Does the ANSI standard mandate logic operators to be short-circuited, in either C or C++?
I'm confused for I recall the K&R book saying your code shouldn't depend on these operations being short circuited, for they may not. Could someone please point out where in the standard it's said logic ops are always short-circuited? I'm mostly interested on C++, an answer also for C would be great.
I also remember reading (can't remember where) that evaluation order isn't strictly defined, so your code shouldn't depend or assume functions within an expression would be executed in a specific order: by the end of a statement all referenced functions will have been called, but the compiler has freedom in selecting the most efficient order.
Does the standard indicate the evaluation order of this expression?
if( functionA() && functionB() && functionC() ) cout<<"Hello world";
Yes, short-circuiting and evaluation order are required for operators
&& in both C and C++ standards.
C++ standard says (there should be an equivalent clause in the C standard):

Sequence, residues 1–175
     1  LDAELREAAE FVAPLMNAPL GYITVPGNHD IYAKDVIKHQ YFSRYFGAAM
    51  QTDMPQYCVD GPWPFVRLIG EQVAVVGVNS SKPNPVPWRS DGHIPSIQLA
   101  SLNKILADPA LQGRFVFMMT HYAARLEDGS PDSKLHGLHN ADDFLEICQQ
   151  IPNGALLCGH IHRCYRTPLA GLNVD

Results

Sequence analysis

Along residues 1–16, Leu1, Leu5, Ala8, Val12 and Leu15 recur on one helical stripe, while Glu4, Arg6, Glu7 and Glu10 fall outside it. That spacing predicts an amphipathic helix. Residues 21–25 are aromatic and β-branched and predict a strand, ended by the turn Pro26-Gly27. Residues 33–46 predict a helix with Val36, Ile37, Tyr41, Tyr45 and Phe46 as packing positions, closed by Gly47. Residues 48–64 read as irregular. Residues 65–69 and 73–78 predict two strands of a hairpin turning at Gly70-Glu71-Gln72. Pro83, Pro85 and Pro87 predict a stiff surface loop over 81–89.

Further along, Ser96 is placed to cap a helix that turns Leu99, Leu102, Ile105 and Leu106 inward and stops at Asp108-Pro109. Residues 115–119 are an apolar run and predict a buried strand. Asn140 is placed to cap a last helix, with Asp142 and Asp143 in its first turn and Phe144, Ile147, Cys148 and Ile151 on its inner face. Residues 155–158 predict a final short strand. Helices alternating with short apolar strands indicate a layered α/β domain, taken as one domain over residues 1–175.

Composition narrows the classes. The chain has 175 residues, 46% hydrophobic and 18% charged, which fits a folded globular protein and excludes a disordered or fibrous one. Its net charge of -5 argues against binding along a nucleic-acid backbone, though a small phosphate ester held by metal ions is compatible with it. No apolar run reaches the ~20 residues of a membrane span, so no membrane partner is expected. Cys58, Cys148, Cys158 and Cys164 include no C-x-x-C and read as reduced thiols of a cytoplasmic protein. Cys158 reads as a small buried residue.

In the evaluation of the following expressions
a && b a || b a ? b : c a , b
using the built-in meaning of the operators in these expressions, there is a sequence point after the evaluation of the first expression (12).
In C++ there is an extra trap: short-circuiting does NOT apply to types that overload operators
Footnote 12: The operators indicated in this paragraph are the built-in operators, as described in clause 5. When one of these operators is overloaded (clause 13) in a valid context, thus designating a user-defined operator function, the expression designates a function invocation, and the operands form an argument list, without an implied sequence point between them.
It is usually not recommended to overload these operators in C++ unless you have a very specific requirement. You can do it, but it may break expected behaviour in other people's code, especially if these operators are used indirectly via instantiating templates with the type overloading these operators.